Click here to learn more!
Stewards Responsible to Their Lord
1 Corinthians 4:1-13
At the most the ministers or teachers of God’s Gospel are but stewards of the hidden things of God, according to Matthew 13:51-52 . They ought not to attract attention to themselves or to the way they purvey their Master’s goods. Their prime object is to be faithful to their trust; to make much of the Master and as little as possible of themselves. Paul was not aware that he had violated his Master’s confidence, but he could not be content till he had heard the Master’s verdict on his life-work. Notice the four courts of appeal-my own judgment, your judgment, man’s judgment, and Christ’s. The Master will reverse many human judgments, but all will bear witness to the absolute justice of His verdict.
In vivid words the Apostle shows how great was the difference between the ease and self-satisfaction of the Corinthian church and the sorry plight to which he and his fellow-workers were often reduced. Many regarded them as the captives in a conqueror’s triumphal procession, who behind the triumphal car were being-marched to death. But it mattered little to them so long as Christ was adored, loved, glorified, and His Kingdom advanced.
Teaching Converts Christ’s Ways
1 Corinthians 4:14-21
The relationship between the Apostle and his converts was very tender. They were his children. They might have instructors and tutors, but they could have but one father; and as father he might have to use the rod. Love can be stern and punitive. Spare the rod and spoil the child. It is not pure but selfish love that forbears to speak and act strongly when eternal interests are at stake. This is an aspect of God’s love which is likely to be overlooked. If we escape chastisement, we are bastards and not sons. “What son is he whom the father chasteneth not?” Hebrews 12:5-11 .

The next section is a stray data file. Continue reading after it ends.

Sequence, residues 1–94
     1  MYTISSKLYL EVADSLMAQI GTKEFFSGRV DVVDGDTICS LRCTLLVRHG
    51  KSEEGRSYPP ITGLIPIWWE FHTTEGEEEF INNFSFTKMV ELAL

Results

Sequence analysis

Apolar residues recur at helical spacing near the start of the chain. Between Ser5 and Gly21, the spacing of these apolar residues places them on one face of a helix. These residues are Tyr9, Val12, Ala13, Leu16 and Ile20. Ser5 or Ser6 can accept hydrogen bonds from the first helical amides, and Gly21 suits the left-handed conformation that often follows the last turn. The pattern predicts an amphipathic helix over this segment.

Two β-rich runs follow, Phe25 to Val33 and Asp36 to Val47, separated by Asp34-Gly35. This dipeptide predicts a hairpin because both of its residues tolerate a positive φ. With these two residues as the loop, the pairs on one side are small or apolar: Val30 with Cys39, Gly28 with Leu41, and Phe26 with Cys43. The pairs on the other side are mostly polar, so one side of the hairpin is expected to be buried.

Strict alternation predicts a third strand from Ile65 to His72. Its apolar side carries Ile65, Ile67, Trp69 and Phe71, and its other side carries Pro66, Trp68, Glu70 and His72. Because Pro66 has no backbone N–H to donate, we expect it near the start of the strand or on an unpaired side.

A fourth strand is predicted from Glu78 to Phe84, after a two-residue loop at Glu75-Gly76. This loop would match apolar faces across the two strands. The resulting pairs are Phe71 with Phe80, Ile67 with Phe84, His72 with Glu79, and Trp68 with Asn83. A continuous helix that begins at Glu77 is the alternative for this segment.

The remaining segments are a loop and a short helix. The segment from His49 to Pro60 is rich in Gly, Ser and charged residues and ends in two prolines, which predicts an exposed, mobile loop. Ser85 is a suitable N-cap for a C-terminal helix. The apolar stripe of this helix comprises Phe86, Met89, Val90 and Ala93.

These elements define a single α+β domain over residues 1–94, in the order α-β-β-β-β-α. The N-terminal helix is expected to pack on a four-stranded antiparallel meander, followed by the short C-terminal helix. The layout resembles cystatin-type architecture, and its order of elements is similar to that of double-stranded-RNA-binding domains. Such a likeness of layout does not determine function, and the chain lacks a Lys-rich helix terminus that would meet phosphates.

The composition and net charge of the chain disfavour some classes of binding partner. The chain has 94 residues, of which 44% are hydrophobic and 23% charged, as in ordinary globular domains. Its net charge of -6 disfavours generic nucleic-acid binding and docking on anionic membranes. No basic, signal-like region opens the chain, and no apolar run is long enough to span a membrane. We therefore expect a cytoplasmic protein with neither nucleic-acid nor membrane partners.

The beloved Timothy was sent to bring the recreant church back to its old love and faith. He was well fitted to represent the Apostle till Paul could tear himself from his thronging duties at Ephesus. Notice that God’s kingdom comes in power, not in word, 1 Corinthians 4:21 . Is not this the reason why it comes so slowly? We treat it as though it would come through our much speaking, through eloquent and honeyed speech. But it is not so. It comes in the power of the Holy Spirit, and in that supremacy of the Divine Spirit over all other spirit forces. God send us more of this great dynamic!
These files are public domain.
Text Courtesy of BibleSupport.com. Used by Permission.
Meyer, Frederick Brotherton. "Commentary on 1 Corinthians 4". "F. B. Meyer's 'Through the Bible' Commentary". https://www.studylight.org/
the Week of Proper 25 / Ordinary 30